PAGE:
The Best Christmas Gift of All

It’s Christmas Eve, and I’m sitting here at the computer looking over at the spot in front of the big picture window where the Christmas tree used to be, and the empty floor where piles of presents used to sit. There is no sign of the impending holiday anywhere in this house, unlike in times past when I’d draped twinkle lights over everything that would stand still. Will and I don’t even have gifts for each other this year. It would be a bummer of epic proportions…..if not for something wonderful that happened this morning.

About two years ago in one of my fits of remorse over the way I’d treated my kids growing up, I wrote a letter to them expressing my sorrow over my inconsistency in raising them, at the same time praising them for their successes in life and telling them how proud I am of them. I published it on my nursing website and promptly forgot about it, at least until last night when I was going through some of my old posts on that site. On the spur of the moment, I posted it on Facebook in the hope that at least a couple of the kids would read it.

Imagine my surprise when I checked my page this morning to find that all four of them—even the daughter in Afghanistan—had indeed read it and posted comments of their own! To my delight, it was a virtual love-feast…..all of them talked about how much they loved their Dad and me, the way we’d always made the holidays special, and that they knew how much I loved them despite the personal difficulties that disrupted our family life. They even said they wished I wouldn’t be so hard on myself, and that there was nothing to forgive because they all knew I did the very best I could with what I had to give.

Naturally, I did what every mom would do under the circumstances and promptly burst into tears. But they were tears of joy, not only because of the great love my children hold for their Dad and me, but because I can now forgive myself for my shortcomings as a parent. As the oldest daughter said, the past is past and there is no resentment. All that’s left is the love.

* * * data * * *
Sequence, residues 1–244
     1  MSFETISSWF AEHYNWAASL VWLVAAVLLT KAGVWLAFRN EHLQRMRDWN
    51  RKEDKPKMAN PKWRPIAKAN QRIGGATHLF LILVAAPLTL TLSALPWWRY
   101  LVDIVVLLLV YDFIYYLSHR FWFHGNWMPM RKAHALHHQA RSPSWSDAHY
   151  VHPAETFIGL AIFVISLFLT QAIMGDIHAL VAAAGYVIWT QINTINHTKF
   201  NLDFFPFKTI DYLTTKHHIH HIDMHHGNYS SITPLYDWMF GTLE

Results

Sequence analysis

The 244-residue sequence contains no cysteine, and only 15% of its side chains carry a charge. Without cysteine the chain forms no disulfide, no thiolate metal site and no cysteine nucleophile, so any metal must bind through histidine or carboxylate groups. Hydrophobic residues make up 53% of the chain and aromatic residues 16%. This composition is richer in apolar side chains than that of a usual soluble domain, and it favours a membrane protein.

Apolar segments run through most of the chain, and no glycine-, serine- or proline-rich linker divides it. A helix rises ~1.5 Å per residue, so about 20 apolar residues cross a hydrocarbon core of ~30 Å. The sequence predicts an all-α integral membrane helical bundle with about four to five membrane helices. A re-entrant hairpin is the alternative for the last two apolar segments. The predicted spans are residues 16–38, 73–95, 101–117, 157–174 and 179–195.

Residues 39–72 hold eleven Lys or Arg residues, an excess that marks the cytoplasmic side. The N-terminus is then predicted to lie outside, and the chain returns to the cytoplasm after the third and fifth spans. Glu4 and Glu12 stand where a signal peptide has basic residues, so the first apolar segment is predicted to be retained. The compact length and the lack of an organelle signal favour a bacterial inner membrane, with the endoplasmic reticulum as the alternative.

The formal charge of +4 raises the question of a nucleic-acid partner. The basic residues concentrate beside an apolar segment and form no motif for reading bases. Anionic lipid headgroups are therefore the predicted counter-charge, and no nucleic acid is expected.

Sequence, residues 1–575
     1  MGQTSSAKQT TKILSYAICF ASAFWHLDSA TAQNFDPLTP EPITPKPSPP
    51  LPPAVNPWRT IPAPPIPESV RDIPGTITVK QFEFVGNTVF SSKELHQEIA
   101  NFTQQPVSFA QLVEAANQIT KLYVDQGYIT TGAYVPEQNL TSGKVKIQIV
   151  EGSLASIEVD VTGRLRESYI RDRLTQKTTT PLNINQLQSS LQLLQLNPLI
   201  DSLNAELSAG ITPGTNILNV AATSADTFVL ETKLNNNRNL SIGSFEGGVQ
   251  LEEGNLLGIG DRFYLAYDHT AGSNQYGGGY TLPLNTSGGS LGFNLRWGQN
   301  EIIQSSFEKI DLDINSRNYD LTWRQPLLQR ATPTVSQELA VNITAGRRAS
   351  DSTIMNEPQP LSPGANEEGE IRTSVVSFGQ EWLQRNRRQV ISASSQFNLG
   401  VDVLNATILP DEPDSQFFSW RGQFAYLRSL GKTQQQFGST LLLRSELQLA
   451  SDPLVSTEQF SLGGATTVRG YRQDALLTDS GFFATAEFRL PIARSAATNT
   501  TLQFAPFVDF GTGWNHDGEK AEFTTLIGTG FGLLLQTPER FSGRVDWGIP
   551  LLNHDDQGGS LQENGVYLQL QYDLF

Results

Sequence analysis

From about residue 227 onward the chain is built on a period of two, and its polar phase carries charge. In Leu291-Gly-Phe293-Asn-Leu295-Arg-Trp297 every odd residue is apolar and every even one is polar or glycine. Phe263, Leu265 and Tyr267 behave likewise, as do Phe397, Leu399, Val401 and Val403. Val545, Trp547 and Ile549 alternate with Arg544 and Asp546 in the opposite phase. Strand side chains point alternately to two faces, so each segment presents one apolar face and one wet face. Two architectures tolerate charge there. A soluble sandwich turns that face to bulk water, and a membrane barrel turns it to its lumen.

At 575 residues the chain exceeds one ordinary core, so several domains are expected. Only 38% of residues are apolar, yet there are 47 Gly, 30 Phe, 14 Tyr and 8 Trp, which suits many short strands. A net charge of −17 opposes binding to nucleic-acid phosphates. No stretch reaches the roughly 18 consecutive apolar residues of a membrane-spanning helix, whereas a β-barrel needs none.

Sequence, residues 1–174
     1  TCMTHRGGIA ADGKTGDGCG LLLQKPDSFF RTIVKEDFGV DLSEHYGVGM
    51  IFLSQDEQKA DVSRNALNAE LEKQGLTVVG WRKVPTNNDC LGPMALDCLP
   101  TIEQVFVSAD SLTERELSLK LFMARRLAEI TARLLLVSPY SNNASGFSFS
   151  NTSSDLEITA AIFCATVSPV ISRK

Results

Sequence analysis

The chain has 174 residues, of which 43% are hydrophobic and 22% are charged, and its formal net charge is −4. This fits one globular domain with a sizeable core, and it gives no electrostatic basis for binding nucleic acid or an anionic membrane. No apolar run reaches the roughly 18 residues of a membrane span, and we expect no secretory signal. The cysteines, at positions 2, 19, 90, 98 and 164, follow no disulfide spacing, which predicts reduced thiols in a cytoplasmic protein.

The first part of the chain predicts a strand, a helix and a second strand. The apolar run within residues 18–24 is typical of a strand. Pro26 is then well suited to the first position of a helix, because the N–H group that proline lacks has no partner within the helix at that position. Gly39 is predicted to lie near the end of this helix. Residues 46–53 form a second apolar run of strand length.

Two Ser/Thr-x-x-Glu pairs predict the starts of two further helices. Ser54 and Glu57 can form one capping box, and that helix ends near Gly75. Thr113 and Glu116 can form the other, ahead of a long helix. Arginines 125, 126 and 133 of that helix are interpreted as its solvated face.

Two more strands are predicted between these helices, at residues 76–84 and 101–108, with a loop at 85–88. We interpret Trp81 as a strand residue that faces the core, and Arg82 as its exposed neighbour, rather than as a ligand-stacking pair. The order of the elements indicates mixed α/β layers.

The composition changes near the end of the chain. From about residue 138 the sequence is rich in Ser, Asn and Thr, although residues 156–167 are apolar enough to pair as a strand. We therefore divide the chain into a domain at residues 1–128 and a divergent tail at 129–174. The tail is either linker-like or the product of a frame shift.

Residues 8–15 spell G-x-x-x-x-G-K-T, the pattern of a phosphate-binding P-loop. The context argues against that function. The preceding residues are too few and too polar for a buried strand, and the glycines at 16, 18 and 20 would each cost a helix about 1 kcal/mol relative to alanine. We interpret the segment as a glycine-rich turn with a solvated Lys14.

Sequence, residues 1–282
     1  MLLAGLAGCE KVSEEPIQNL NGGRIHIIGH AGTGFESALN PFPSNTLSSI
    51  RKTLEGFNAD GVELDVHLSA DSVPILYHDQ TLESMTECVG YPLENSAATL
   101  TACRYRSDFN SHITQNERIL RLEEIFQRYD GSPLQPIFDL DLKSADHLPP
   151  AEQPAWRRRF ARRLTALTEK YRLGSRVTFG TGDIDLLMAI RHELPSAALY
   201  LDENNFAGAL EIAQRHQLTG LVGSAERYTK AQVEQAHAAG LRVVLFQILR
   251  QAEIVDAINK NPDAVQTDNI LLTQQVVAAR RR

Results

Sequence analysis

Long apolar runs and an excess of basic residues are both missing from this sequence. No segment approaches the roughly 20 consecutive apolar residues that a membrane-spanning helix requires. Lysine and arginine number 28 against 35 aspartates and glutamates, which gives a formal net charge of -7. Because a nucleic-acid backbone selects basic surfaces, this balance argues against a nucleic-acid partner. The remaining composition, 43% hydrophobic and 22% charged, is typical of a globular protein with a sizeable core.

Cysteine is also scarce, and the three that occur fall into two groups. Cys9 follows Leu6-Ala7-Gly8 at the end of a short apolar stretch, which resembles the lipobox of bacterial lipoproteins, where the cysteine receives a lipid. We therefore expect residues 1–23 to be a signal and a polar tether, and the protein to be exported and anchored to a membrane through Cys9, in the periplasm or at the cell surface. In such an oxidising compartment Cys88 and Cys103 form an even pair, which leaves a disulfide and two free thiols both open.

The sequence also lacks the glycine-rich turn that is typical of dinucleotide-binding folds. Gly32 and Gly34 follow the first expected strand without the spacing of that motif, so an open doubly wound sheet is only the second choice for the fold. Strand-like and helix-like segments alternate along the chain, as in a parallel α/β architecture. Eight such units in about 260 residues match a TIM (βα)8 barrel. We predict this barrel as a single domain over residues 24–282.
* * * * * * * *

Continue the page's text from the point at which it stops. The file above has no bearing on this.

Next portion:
This is the best Christmas gift of my life. There may not be anything to unwrap tomorrow morning, but the love of these four human beings to whom I gave birth is more precious than diamonds. I don’t have to feel guilty anymore. They know how much they were, and are loved, and that’s really all I’d hoped to accomplish with that letter. I never dreamed that they would respond with such tenderness and so many good memories of their childhood.

So I wish my beloved children a Merry Christmas filled with everything and everyone they love. And I thank them all for making me feel like a Mom worthy of the name.

While I’m at it, I’d also like to wish my readers the happiest of holidays, whether or not you celebrate it. I hope you find that the world is a little bit warmer at this time of the year. As for me, I’m taking tomorrow off to be with my family, in whom the light of love—and the spirit of Christmas—live for me all year round. ❤


Published by bpnurse

I'm a retired registered nurse and writer who also happens to be street-rat crazy, if the DSM-IV.....oops, 5---is to be believed. I was diagnosed with bipolar I disorder at the age of 55, and am still sorting through the ashes of the flaming garbage pile that my life had become. Here, I'll share the lumps and bumps of a late-life journey toward sanity.... along with some rants, gripes, sour grapes and good old-fashioned whining from time to time. It's not easy being bipolar in a unipolar world; let's figure it out together.

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